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Effects of oral vitamin E and ?-carotene supplementation on ultraviolet radiation-induced oxidative stress in human skin

Record type: Article

Background: Ultraviolet radiation (UVR) generates reactive oxygen species in skin that can play a role in skin damage, but reports about the photoprotective properties of oral antioxidant supplements are conflicting.
Objective: We examined the ability of 2 lipid-soluble antioxidants, vitamin E and ß-carotene, to reduce markers of oxidative stress and erythema in human skin exposed to UVR.
Design: Sixteen healthy subjects took either {alpha}-tocopherol (n = 8; 400 IU/d) or ß-carotene (n = 8; 15 mg/d) for 8 wk. Biopsy samples before and after supplementation were taken from unexposed skin and skin 6 h after 120 mJ/cm2 UVR. The effects of supplements on markers of oxidative stress in skin and the minimal erythema dose to UVR were assessed.
Results: Supplementary vitamin E was bioavailable, the plasma concentration increased from 14.0 ± 0.66 ( ± SEM) to 18.2 ± 0.64 µg/mL (P < 0.01), and the skin concentration increased from 0.55 ± 0.09 to 1.6 ± 0.19 ng/mg protein (P < 0.01). Supplementary ß-carotene increased plasma concentrations from 1 ± 0.3 to 2.25 ± 0.3 µg/mL (P < 0.05), but skin concentrations were undetectable. Before vitamin E supplementation, UVR increased the skin malondialdehyde concentration from 0.42 ± 0.07 to 1.24 ± 0.16 nmol/mg protein (P < 0.01), whereas oxidized or total glutathione increased from 9.98 ± 0.4% to 12.0 ± 1.0% (P < 0.05). Vitamin E supplementation significantly decreased the skin malondialdehyde concentration, but neither vitamin E nor ß-carotene significantly influenced other measures of oxidation in basal or UVR-exposed skin.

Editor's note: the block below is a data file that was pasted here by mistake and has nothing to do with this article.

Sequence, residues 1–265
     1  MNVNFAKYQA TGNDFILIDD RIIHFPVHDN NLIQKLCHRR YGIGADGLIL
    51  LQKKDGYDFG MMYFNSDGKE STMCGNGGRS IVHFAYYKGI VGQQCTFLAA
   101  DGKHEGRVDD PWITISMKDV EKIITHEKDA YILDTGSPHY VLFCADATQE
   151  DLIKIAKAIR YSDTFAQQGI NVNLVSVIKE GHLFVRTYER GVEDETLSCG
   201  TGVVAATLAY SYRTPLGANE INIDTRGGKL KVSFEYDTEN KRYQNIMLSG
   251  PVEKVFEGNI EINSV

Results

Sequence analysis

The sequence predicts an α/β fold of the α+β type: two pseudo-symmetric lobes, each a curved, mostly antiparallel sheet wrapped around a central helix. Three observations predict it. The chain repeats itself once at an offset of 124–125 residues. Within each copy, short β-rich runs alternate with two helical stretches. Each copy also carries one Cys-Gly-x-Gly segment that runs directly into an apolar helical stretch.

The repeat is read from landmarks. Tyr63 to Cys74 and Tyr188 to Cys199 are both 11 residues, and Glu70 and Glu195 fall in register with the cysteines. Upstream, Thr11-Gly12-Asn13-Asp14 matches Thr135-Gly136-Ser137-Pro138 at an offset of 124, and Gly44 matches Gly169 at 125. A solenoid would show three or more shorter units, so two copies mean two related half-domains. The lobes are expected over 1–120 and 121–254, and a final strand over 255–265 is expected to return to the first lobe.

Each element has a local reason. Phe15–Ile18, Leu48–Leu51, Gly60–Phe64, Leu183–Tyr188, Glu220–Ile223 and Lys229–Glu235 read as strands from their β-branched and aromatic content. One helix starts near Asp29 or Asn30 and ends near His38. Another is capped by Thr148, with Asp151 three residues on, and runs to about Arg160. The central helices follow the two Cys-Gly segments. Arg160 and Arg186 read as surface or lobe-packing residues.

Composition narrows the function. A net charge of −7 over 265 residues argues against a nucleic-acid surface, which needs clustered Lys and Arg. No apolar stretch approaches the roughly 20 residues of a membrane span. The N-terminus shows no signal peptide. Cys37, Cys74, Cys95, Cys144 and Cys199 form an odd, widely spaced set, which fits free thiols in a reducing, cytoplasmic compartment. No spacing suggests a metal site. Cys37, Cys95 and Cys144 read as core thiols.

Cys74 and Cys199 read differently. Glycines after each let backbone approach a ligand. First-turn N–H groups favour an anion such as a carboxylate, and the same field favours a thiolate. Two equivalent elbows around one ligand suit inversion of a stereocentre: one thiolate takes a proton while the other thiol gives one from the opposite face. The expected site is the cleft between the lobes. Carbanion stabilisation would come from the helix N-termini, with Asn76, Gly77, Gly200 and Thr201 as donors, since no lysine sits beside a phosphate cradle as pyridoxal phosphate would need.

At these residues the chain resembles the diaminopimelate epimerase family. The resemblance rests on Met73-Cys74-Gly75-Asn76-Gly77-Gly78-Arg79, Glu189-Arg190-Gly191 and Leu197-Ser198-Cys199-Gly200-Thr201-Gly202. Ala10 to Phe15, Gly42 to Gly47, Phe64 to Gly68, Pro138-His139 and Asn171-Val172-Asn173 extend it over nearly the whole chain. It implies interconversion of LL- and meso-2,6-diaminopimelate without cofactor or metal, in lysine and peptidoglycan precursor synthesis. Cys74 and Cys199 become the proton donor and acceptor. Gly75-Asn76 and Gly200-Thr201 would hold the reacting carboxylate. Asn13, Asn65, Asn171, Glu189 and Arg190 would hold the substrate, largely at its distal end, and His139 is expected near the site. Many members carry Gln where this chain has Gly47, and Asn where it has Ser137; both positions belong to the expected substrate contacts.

Conclusions: Vitamin E or ß-carotene supplementation had no effect on skin sensitivity to UVR. Although vitamin E supplements significantly reduced the skin malondialdehyde concentration, neither supplement affected other measures of UVR-induced oxidative stress in human skin, which suggested no photoprotection of supplementation.

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McArdle, Frank, Rhodes, Lesley E., Parslew, Richard A., Close, Graeme L., Jack, Catherine I. A., Friedmann, Peter S. and Jackson, Malcolm J. (2004) Effects of oral vitamin E and ?-carotene supplementation on ultraviolet radiation-induced oxidative stress in human skin American Journal of Clinical Nutrition, 80, (5), pp. 1270-1275.

More information

Published date: 2004
Additional Information: Original Research Communication
Keywords: lipid-soluble vitamins, oxidative stress, skin, photoprotection, human study


Local EPrints ID: 27259
ISSN: 0002-9165
PURE UUID: b1e06385-cfe4-40c0-846d-40185b59f8e3

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Date deposited: 25 Apr 2006
Last modified: 17 Jul 2017 16:05

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Author: Frank McArdle
Author: Lesley E. Rhodes
Author: Richard A. Parslew
Author: Graeme L. Close
Author: Catherine I. A. Jack
Author: Peter S. Friedmann
Author: Malcolm J. Jackson

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